David Bourget (Western Ontario)
David Chalmers (ANU, NYU)
Rafael De Clercq
Ezio Di Nucci
Jonathan Jenkins Ichikawa
Jack Alan Reynolds
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Philosophical Quarterly 63 (250):120-140 (2013)
Frege supposedly thought that vague predicates have no referent (Bedeutung). But given other things he evidently believes, such a position would seem to commit him to a suspect nihilism according to which assertoric sentences containing vague predicates are neither true nor false. I argue that we have good reason to resist ascribing to Frege the view that vague predicates have no Bedeutung and thus good reason to resist seeing him as committed to the suspect nihilism. In the process, I call attention to several under-appreciated texts in which Frege suggests that a vague predicate, though lacking a Bedeutung of its own, can come to acquire a Bedeutung in certain contexts. The upshot of this suggestion is that vague predicates can serve the purposes of ordinary communication quite well, even if they are useless for logical purposes.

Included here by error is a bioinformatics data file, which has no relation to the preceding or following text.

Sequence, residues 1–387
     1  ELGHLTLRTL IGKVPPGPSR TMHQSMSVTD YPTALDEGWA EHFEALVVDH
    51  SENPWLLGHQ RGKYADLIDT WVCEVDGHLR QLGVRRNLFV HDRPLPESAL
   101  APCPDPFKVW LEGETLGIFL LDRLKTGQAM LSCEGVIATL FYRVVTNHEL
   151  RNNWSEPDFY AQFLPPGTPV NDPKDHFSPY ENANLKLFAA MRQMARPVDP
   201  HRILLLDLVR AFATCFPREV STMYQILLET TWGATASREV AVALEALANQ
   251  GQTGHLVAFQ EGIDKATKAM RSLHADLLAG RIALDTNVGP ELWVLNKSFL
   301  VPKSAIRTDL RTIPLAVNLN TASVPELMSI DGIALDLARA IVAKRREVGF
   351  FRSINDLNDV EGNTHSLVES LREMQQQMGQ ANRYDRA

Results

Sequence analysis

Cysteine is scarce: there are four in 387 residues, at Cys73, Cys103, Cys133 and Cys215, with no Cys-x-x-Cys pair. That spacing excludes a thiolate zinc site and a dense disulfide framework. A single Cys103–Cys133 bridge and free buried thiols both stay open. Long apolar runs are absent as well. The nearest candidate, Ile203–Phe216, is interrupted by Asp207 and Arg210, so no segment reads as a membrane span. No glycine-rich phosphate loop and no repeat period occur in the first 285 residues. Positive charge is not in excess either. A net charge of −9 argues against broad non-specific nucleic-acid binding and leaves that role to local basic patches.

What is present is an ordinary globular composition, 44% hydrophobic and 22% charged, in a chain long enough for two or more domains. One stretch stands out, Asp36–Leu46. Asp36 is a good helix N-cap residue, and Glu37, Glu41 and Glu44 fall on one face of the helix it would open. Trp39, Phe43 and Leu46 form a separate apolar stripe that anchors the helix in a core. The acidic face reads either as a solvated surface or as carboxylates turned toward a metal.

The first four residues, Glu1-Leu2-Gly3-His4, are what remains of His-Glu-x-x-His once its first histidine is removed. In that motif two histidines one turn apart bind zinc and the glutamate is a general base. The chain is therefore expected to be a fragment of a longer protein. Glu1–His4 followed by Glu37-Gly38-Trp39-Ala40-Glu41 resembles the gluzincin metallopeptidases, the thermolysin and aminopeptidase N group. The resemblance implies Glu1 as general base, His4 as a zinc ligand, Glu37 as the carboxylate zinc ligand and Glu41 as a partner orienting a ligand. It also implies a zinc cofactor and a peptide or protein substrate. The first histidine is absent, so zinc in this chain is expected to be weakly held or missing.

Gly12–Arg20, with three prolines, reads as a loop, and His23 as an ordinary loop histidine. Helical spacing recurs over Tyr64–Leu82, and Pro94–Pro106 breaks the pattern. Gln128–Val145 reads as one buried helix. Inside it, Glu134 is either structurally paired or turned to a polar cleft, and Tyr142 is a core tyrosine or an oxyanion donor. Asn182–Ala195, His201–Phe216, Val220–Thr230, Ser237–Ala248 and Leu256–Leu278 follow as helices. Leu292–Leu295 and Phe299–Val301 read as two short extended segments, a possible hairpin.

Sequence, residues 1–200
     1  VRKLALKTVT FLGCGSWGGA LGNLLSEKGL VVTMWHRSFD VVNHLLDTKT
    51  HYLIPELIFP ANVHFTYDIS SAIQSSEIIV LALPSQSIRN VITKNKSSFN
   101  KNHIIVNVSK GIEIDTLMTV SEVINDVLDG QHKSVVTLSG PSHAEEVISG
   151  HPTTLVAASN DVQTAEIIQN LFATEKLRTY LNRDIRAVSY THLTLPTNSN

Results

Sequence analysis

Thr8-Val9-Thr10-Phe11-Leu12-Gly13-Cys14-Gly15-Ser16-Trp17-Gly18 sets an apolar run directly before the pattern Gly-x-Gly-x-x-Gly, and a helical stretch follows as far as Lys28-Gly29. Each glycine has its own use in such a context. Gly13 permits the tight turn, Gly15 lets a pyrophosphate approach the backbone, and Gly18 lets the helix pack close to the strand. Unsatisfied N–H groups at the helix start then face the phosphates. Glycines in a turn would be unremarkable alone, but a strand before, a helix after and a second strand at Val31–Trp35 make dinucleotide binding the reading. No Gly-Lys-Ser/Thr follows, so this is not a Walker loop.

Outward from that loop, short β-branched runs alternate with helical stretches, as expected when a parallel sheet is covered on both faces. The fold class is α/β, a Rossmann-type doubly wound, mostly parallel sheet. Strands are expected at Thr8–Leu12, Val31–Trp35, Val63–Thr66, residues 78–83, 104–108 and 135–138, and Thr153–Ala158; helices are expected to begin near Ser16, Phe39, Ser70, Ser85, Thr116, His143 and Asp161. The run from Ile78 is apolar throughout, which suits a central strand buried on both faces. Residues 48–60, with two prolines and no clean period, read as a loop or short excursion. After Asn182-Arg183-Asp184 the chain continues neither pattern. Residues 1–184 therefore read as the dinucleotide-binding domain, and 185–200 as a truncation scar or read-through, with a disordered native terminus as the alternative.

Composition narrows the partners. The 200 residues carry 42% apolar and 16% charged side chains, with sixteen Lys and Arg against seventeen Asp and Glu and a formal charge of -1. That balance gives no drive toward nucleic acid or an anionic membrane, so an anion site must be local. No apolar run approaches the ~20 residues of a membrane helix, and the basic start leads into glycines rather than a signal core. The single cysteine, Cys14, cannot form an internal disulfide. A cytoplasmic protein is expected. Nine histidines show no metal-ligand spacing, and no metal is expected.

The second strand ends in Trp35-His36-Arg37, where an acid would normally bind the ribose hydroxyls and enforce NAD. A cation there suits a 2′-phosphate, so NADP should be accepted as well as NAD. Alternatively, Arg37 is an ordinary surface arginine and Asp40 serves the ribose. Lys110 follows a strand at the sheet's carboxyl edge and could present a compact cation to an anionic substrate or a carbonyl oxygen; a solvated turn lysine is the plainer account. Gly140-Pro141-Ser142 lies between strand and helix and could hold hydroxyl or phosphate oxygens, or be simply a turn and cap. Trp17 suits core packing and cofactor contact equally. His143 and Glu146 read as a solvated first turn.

|Keywords||Frege Vagueness Ordinary Language Sense Reference Denotation Contextualism|
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Citations of this work BETA
Jessie Munton (forthcoming). Frege, Fiction and Force. Synthese:1-24.
N. Angel Pinillos (forthcoming). Attitudes, Supervaluations and Vagueness in the World. In K. Akiba (ed.), Vague Objects and Vague Identity. Verlag.
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